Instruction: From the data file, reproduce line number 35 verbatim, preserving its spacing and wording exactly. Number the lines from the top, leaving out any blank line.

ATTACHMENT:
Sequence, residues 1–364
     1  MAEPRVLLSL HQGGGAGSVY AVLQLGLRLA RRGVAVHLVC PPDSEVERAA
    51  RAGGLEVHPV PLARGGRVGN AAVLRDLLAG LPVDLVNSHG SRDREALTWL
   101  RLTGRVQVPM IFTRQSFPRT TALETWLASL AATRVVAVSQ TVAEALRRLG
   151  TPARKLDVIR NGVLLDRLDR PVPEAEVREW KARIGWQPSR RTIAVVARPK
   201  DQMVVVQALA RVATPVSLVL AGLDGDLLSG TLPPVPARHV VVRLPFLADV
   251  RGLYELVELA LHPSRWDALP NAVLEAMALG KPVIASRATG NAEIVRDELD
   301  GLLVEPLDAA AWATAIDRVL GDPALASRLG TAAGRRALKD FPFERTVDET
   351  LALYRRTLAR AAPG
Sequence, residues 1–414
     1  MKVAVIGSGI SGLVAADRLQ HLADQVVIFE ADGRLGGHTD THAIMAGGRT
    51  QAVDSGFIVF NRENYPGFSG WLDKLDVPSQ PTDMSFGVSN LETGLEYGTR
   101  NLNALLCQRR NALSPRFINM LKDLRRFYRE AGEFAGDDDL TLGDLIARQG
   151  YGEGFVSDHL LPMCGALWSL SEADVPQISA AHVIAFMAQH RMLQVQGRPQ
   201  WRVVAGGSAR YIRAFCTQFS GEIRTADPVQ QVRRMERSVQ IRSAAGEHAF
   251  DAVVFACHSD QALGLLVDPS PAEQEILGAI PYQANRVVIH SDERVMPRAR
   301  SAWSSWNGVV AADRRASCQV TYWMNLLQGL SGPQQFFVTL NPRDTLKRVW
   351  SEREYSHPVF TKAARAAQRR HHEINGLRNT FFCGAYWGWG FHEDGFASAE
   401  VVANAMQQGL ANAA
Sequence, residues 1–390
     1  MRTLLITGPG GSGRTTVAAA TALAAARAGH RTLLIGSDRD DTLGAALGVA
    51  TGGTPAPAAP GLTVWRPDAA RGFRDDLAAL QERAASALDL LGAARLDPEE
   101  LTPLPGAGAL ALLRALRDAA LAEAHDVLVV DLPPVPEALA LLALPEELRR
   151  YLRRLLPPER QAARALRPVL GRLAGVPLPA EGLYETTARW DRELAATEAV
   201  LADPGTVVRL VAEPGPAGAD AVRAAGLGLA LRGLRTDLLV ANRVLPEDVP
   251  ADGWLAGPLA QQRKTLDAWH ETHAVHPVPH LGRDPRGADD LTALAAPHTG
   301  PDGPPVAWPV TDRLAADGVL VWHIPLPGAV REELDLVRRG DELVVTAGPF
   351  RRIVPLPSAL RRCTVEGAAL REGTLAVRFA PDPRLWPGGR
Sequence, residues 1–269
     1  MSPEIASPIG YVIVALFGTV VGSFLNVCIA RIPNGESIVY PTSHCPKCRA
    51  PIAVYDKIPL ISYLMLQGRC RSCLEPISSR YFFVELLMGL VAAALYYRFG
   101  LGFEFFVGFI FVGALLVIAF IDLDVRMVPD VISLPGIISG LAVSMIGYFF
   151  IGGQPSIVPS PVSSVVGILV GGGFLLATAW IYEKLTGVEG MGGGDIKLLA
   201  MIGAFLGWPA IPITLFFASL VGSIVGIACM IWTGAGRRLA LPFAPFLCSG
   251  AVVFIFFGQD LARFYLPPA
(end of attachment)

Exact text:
   251  AVVFIFFGQD LARFYLPPA